June tells the story of a young woman living in California who returns home for her best friend Harley’s wedding, a year after her father’s death. Once there, she must confront the rush of memories of her father’s cancer and the fact that Harley and everyone else in her life has moved on without her. It’s as much a family drama as a romantic one, with a compelling and heartfelt portrayal of family dynamic. The theme of loss and learning to let go is one I can relate to. In terms of losing a loved one, it’s not something one simply ‘get over,’ which this film touches upon. The scenes of June with her father in the flashback scenes are particularly poignant, whilst her at times testy relationship with her mother feels grounded and relatable. The scenery of Door County, WI, is gorgeous, it certainly adds to the warm, small-town vibe that also makes for a naturally romantic setting.

June Falling Down marks Rebecca Weaver‘s feature film debut. She previously wrote, directed, as well as acted in two short films, Winter Guest and Cam Companion (Wisconsin and Las Vegas Film Festivals, 2015). She studied theater at Northwestern University and dramatic literature at New York University. Raised in Wisconsin, she currently resides in Los Angeles and is writing her next feature.

Check out my Q&A with Rebecca below on her personal connection to the story, filming in her favorite part of the world, her challenges as a female filmmaker working on her debut feature, and more!


Q: The story of June Falling Down is a personal one for you, as you also lost your father to cancer like June did in the film. Would you say that the film was semi-biographical in a way? What made you decide to turn your story into a feature film?

This is definitely semi-autobiographical – with an emphasis on the “semi.” I lost my dad to cancer a month after I turned 22 and after that it was all I could think about for years. So it’s almost like the story had to come out of me. At that time I had friends growing up and continuing with their lives, graduating from college and some getting married, getting professional jobs, while I dropped out of school for a while and really wasn’t emotionally growing up at the same rate – because I was stuck in my grief. That was the inspiration for the movie.

But that being said, I also took a lot of elements from my life and really exaggerated them and created characters that could tell the story externally of what it felt like to lose a father and go through that. For example, June is a very different character than me, even though I play her. She’s very tough and arrogant and at times rude to people and I’m naturally a more introverted, nicer person in real life. I swear! But it was important to have a character that wears her heart on her sleeve so blatantly because that’s just more interesting in a film.


Q: Given the setting of a small town in Wisconsin, it almost felt like a love letter to the state you grew up on. Would you comment a bit on that and how you choose the filming locations, etc.?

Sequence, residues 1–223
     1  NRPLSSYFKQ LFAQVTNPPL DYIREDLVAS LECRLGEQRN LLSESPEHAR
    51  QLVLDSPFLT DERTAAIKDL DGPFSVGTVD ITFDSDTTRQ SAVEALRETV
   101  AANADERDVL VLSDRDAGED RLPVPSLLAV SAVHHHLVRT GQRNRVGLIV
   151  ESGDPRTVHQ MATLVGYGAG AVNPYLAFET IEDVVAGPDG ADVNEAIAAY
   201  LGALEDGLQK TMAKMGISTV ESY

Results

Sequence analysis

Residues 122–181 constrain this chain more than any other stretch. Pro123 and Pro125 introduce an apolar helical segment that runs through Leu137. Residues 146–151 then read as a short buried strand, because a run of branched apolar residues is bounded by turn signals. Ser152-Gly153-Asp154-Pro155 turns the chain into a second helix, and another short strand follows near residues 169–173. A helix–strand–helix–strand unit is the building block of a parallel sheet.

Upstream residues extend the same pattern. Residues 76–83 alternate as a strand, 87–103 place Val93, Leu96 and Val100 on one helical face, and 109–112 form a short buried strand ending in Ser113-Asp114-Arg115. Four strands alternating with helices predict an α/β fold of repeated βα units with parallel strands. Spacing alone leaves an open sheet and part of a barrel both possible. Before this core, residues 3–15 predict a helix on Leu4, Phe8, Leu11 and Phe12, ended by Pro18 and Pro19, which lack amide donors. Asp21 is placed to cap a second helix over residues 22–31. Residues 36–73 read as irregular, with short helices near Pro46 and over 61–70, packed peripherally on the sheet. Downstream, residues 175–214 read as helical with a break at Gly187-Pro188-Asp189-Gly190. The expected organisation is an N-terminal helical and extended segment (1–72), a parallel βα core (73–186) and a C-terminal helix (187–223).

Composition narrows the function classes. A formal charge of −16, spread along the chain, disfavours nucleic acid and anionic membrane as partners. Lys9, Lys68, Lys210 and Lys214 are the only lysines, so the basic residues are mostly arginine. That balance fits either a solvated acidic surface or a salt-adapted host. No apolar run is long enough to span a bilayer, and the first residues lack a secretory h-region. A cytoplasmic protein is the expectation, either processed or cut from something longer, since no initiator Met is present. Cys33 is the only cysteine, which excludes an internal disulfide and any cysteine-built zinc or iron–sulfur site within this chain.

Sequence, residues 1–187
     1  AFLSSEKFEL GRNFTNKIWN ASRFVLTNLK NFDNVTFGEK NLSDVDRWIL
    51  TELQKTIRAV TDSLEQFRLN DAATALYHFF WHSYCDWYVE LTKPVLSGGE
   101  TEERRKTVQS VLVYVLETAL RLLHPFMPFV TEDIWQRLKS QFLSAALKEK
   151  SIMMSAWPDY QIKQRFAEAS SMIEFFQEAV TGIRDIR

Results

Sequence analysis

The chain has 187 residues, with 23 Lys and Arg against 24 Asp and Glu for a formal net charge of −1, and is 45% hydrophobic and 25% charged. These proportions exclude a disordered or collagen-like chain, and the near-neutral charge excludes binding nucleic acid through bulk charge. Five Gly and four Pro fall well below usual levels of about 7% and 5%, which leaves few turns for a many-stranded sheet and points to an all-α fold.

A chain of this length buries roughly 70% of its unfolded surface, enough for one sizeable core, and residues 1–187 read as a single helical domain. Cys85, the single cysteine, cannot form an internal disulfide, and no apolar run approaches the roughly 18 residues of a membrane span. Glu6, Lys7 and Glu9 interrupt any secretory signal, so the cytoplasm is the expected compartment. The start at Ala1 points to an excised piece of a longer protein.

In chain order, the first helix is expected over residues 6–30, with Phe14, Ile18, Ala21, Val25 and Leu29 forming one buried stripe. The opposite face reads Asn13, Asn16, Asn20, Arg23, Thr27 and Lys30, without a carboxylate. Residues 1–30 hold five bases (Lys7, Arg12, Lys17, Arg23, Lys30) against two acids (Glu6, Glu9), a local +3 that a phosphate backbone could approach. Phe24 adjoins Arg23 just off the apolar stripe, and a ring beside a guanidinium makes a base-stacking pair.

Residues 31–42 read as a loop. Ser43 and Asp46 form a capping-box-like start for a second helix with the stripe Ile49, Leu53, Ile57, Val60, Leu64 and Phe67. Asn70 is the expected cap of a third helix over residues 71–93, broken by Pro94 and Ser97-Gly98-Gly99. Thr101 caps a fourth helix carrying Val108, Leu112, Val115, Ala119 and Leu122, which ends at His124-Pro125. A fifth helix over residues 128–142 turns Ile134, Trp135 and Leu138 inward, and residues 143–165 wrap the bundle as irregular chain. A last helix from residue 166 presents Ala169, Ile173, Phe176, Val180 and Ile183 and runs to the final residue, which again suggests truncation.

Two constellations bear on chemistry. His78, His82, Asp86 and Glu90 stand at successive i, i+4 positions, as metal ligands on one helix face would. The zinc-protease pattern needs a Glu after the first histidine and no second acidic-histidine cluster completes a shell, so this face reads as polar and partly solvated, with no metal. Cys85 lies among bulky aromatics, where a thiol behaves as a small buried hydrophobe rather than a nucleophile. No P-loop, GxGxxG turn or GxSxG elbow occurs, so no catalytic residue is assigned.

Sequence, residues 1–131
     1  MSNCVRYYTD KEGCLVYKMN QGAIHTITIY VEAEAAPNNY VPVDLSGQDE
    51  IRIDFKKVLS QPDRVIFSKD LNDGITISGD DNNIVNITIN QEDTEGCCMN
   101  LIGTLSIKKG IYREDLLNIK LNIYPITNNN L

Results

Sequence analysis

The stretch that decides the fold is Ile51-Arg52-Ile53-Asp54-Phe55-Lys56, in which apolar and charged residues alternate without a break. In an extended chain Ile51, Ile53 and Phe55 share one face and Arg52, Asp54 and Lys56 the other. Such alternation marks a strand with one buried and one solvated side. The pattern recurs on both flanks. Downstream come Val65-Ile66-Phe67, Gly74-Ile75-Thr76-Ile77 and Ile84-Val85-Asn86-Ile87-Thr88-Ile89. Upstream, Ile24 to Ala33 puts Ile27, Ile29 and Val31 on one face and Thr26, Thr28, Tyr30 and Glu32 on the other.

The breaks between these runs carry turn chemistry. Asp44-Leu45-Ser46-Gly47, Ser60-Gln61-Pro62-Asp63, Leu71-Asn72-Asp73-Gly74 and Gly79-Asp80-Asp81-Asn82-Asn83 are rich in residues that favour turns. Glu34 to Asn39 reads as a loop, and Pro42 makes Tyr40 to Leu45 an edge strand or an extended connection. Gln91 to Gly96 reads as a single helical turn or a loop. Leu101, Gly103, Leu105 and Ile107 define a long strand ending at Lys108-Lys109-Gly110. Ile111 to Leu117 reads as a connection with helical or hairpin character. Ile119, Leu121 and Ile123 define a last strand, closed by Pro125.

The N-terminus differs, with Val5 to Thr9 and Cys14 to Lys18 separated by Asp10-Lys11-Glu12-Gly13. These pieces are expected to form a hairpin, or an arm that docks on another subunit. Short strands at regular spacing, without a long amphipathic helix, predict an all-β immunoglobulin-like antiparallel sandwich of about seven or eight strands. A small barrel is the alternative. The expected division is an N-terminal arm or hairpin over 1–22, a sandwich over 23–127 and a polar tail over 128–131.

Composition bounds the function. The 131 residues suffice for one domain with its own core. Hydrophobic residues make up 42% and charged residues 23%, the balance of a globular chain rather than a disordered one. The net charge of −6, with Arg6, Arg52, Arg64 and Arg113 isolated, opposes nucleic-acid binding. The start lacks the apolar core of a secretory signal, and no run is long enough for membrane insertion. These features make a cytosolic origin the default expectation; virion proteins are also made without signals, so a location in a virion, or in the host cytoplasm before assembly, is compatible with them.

Oh, I 100% wrote this movie to be set in my favorite place in the world – Door County, Wisconsin. I wrote the script imagining my family’s home and I even wrote in the exact names of the local pizza restaurant and bars, all of which we ended up using. It’s funny how growing up as a restless teenager I couldn’t wait to leave Wisconsin, but over the years I’ve missed it terribly (I live in LA now) and I realize how deeply the land and the people there are a part of me. And you so rarely see the Midwest portrayed in films with intelligent, culturally-aware characters and gorgeous landscapes. So it was really important to me to show my home as the beautiful place I know it to be.

Q: Would you share one of the most memorable experiences making this film?

I remember shooting the wedding reception scene with our full cast, about fifty extras, and a blues band playing in an old town hall. I was walking through the crowd filming everyone dancing, and in the original footage you can hear me laughing as the camera moves through the crowd. I was just so grateful and in shock that we were doing this. I couldn’t believe that I had written this movie and somehow, through sheer will, we were making this dream into reality. I was so touched by all the people that had come out and were supporting us by being extras. There were candles lit and a white cake from Costco that my mom helped us find, and everyone was having a blast. It was so unlikely that we were pulling this off. It was such an emotional moment that all I could do was laugh. I’ll remember that forever.


Q: As you wore triple hats in this film as a writer, director and actor, what’s the biggest challenge that you encounter in the filmmaking process?

Trying to juggle everything was really the hardest part. To be honest, writing, directing, and acting were the fun parts. They were all a lot of work, but because I love them they were much easier. But organizing, scheduling the shoot, raising money (we did two crowdfunding campaigns plus credit cards), and slogging through post-production were all really really difficult. I guess when it comes down to it, the invisible administrative work surrounding making the movie was what really killed me and wore me out at times. I definitely need a producer next time! Even an assistant would be heaven.